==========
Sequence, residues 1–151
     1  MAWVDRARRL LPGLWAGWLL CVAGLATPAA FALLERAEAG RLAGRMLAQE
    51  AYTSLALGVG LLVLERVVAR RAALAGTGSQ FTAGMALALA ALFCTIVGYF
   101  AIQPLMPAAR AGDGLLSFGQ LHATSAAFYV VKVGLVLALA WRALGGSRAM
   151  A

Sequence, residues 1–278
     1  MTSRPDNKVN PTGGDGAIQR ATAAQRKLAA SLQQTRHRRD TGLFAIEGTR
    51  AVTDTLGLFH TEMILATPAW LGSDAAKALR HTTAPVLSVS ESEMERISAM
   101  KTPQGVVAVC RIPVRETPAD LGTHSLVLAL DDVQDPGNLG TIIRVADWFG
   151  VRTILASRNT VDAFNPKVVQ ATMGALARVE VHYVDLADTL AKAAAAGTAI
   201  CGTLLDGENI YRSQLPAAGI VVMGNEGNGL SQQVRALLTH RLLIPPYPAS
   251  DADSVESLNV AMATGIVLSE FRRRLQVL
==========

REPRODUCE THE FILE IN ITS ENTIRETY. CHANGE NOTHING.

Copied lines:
Sequence, residues 1–151
     1  MAWVDRARRL LPGLWAGWLL CVAGLATPAA FALLERAEAG RLAGRMLAQE
    51  AYTSLALGVG LLVLERVVAR RAALAGTGSQ FTAGMALALA ALFCTIVGYF
   101  AIQPLMPAAR AGDGLLSFGQ LHATSAAFYV VKVGLVLALA WRALGGSRAM
   151  A

Sequence, residues 1–278
     1  MTSRPDNKVN PTGGDGAIQR ATAAQRKLAA SLQQTRHRRD TGLFAIEGTR
    51  AVTDTLGLFH TEMILATPAW LGSDAAKALR HTTAPVLSVS ESEMERISAM
   101  KTPQGVVAVC RIPVRETPAD LGTHSLVLAL DDVQDPGNLG TIIRVADWFG
   151  VRTILASRNT VDAFNPKVVQ ATMGALARVE VHYVDLADTL AKAAAAGTAI
   201  CGTLLDGENI YRSQLPAAGI VVMGNEGNGL SQQVRALLTH RLLIPPYPAS
   251  DADSVESLNV AMATGIVLSE FRRRLQVL